Estimated number of Guantanamo recidivists continues to rise

The number of former Guantanamo detainees “confirmed” or “suspected” of rejoining the jihad has grown to 208, according to statistics released by the Office of the Director of National Intelligence (ODNI) this week.

More than 60 percent of the jihadists, 132 in total, are at-large. The remaining 76 ex-detainees have been killed, died of natural causes, or were re-captured.

The overwhelming majority of the ex-detainees on the ODNI’s recidivist list, 188 out of 208 (90 percent), were transferred or released during the Bush administration. An additional 20 recidivists (9 confirmed, 11 suspected) were transferred from Guantanamo during President Obama’s tenure.

The US government’s list of ex-Guantanamo detainees who have rejoined the fight has grown significantly since 2008, when the first statistics were made public. [See LWJ report, ODNI: 204 former Guantanamo detainees are confirmed or suspected recidivists.]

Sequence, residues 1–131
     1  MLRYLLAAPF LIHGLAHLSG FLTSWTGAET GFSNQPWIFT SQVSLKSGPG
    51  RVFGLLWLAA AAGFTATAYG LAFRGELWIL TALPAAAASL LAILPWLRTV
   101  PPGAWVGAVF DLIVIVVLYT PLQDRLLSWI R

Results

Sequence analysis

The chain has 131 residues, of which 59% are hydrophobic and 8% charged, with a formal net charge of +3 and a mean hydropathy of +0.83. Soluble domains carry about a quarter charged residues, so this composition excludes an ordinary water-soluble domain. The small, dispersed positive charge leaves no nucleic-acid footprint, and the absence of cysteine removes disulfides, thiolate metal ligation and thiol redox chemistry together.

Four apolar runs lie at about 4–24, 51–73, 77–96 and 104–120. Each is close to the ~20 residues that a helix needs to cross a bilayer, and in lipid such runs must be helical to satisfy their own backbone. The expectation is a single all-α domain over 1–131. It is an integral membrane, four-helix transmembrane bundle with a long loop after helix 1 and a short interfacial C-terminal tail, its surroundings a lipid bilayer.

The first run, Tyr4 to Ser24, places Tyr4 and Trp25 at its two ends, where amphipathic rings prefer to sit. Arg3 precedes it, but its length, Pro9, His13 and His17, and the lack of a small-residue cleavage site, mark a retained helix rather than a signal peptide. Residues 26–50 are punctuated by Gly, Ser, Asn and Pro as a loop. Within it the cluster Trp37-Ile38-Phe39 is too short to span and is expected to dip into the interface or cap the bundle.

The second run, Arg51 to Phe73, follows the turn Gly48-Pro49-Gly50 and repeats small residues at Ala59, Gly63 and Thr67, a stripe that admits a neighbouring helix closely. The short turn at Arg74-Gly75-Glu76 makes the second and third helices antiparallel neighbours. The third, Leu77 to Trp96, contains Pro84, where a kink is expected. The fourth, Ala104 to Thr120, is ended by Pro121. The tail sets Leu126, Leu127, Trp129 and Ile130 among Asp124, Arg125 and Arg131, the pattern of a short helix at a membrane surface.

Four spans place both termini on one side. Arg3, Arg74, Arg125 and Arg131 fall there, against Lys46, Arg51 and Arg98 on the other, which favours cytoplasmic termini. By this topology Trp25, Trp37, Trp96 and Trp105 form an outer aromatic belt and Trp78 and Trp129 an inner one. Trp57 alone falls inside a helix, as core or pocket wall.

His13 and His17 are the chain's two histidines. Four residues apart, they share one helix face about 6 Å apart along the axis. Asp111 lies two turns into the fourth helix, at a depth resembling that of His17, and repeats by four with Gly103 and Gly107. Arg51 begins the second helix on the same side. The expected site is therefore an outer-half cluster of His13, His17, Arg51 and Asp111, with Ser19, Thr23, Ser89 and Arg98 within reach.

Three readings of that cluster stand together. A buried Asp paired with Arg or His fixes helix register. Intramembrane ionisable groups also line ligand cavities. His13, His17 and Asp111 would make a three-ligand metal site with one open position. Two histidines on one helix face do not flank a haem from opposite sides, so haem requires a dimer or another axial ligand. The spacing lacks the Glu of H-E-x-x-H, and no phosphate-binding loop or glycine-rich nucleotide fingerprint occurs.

In June 2008, the Department of Defense reported that 37 former detainees were confirmed or suspected of returning to the fight. On Jan. 13, 2009, a Pentagon spokesman said that number had climbed to 61. In April 2009, the Pentagon told the press that same metric had risen further to 74.

The estimated number of recidivists more than doubled between April 2009 and Oct. 2010, when the ODNI released an updated analysis saying that 150 former detainees were on the list. Since then, the ODNI’s assessment has steadily climbed. In March, the ODNI counted 204 men who had returned to the fight, which is slightly lower than the current figure of 208.

In the past, the US government provided examples of the men included in its recidivist database, but it no longer publishes such lists. Therefore, while some can be identified via open source reporting or previous Defense Department reports, others on the list haven’t been publicly identified.

ODNI’s methodology